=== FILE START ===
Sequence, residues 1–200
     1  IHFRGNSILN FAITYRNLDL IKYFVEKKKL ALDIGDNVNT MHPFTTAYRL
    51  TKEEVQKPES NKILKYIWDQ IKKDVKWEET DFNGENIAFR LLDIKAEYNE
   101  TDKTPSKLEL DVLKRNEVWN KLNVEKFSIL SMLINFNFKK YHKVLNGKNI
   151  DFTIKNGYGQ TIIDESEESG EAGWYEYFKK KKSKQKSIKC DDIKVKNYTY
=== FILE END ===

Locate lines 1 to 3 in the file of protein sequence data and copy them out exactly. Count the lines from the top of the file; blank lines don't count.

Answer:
Sequence, residues 1–200
     1  IHFRGNSILN FAITYRNLDL IKYFVEKKKL ALDIGDNVNT MHPFTTAYRL
    51  TKEEVQKPES NKILKYIWDQ IKKDVKWEET DFNGENIAFR LLDIKAEYNE